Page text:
Morse and the Telegraph
The beginning of the trials of constructing an electrical communication system started. However, there was a lot of missing information. In the beginning of the 19th century, a lot of physical discoveries were made, like electromagnetic (Anton A. Huurdeman, 2003). These physical discoveries were the key of how to construct the electrical communication system. With this new information, the understanding of how to create a telegraph and how it can work was available.
Samuel Morse was born in 1791 to a known Federalist and Calvinist family, he had what he can wish for from America and Europe and what they can offer (Menahem Blondheim, 1844–1897). Son of a valued clergyman and academic, and grew in a loving and caring family. He was educated at Phillips Academy at Andover and at Yale College with the smartest people and brightest in America. While he was in college he used to paint smaller version of ivory and wanted to continue his career in art, but his father was against it (Oliver W. Larkin, 1954). He started his work in Charlestown bookstore. His abilities of drawing attracted the attention of the best artists in America and started to speak about his talent. In 1811 his father agreed about his painting career, and he traveled abroad to London to study art and portraiture at Royal Academy, as London was known for the center of the artistic and commercial in the Western world these day. Morse was impressed by the business the people of the city (Menahem Blondheim, 1844–1897). He worked hard at his craft. He did not only win prizes, but the attention of royal portrait painters also. Moreover, he was spending a lot of time at the British Museum trying to copy the old techniques and mastering them.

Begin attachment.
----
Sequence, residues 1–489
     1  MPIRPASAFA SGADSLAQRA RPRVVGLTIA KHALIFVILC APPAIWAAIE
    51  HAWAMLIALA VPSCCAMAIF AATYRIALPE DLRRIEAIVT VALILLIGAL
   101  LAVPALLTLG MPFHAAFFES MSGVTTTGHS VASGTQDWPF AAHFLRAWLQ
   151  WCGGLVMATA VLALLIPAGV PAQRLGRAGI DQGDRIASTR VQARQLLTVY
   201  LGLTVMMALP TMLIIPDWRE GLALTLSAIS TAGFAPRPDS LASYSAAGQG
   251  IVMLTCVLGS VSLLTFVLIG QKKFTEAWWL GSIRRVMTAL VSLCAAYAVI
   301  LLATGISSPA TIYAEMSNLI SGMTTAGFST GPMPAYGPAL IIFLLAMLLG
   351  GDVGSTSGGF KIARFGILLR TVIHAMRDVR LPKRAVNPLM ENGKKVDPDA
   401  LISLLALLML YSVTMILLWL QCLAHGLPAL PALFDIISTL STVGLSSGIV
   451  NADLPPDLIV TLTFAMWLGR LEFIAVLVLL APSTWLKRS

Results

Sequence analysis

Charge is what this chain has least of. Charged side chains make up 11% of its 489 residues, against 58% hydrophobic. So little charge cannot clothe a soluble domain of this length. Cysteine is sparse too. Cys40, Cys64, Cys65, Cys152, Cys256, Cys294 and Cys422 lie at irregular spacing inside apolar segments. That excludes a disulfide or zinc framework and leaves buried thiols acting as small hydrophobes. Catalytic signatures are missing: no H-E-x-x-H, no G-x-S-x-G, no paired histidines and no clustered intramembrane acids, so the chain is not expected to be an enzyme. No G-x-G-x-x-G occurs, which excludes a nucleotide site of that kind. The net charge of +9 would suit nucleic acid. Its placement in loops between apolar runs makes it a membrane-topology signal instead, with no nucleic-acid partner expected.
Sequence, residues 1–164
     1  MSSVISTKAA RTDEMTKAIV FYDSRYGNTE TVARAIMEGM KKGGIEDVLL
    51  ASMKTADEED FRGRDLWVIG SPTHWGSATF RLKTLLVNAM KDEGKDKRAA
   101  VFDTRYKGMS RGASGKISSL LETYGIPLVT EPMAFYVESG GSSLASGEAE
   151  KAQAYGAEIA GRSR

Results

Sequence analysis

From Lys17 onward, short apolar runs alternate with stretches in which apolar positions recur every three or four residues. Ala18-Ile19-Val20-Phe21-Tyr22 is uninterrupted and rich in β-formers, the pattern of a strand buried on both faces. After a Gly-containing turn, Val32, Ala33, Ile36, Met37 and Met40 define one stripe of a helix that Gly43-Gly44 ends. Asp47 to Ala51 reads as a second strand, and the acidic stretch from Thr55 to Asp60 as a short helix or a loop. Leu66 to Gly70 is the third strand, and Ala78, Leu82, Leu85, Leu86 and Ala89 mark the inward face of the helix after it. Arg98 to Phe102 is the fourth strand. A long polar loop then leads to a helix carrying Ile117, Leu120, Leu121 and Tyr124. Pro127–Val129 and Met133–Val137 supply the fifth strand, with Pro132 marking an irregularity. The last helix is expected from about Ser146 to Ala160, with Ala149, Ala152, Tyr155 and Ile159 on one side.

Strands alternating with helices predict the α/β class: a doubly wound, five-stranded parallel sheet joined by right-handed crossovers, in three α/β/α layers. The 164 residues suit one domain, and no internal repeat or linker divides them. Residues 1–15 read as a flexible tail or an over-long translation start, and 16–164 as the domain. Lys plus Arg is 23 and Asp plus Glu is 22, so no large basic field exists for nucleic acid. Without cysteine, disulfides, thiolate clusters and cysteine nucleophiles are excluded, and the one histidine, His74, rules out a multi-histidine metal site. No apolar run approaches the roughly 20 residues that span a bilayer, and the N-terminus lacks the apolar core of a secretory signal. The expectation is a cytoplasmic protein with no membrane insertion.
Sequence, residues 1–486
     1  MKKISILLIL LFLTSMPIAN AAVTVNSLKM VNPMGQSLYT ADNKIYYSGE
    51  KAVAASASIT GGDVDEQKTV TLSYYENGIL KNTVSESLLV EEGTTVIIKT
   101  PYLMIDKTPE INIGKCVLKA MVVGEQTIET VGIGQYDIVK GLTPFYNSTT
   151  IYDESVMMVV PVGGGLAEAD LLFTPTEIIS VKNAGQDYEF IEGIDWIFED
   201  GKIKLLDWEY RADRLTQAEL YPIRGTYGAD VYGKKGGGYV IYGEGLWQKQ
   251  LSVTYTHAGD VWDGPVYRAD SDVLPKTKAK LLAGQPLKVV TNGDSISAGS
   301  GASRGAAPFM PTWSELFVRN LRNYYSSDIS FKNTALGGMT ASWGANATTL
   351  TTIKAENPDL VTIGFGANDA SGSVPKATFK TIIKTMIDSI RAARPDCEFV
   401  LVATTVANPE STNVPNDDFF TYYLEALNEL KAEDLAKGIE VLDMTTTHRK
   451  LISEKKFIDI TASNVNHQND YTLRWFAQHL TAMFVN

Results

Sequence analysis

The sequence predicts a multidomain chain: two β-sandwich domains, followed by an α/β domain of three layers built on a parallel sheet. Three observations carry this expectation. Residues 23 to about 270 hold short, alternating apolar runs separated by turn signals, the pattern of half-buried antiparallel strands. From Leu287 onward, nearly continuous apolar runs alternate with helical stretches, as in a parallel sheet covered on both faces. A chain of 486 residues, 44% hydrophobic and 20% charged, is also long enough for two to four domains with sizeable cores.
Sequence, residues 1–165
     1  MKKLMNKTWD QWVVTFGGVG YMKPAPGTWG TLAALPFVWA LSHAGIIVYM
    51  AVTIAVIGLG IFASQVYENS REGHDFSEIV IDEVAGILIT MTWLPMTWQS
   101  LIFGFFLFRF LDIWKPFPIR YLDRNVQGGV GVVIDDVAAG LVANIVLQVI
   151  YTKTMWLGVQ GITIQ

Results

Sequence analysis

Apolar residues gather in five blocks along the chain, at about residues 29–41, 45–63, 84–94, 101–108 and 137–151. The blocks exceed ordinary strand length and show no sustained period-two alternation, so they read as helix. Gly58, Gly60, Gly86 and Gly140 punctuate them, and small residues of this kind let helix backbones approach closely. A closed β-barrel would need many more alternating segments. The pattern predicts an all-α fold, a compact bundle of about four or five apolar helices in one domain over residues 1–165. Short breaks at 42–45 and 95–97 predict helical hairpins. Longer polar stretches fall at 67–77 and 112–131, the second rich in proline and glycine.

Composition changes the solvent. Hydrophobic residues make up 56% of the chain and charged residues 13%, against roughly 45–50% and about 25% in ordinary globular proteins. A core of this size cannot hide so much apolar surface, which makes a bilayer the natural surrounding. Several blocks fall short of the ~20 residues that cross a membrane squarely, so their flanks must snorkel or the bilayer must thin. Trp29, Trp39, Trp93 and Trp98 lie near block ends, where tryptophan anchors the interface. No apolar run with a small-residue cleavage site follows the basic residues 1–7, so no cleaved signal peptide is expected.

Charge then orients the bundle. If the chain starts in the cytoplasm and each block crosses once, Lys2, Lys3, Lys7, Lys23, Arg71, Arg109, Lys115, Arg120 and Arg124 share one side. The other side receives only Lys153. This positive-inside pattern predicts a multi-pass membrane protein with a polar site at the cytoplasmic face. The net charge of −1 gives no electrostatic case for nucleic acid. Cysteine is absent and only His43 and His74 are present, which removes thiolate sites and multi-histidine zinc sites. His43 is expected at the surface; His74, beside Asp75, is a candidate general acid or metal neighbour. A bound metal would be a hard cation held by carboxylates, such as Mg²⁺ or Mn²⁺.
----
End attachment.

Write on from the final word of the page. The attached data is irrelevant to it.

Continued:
Morse returned to the United States after the War 1812(Menahem Blondheim, 1844–1897). He got married to Lucretia Pickerring Walker and started his career as a portrait painter. In the early 1820s Morse was considered one of the top...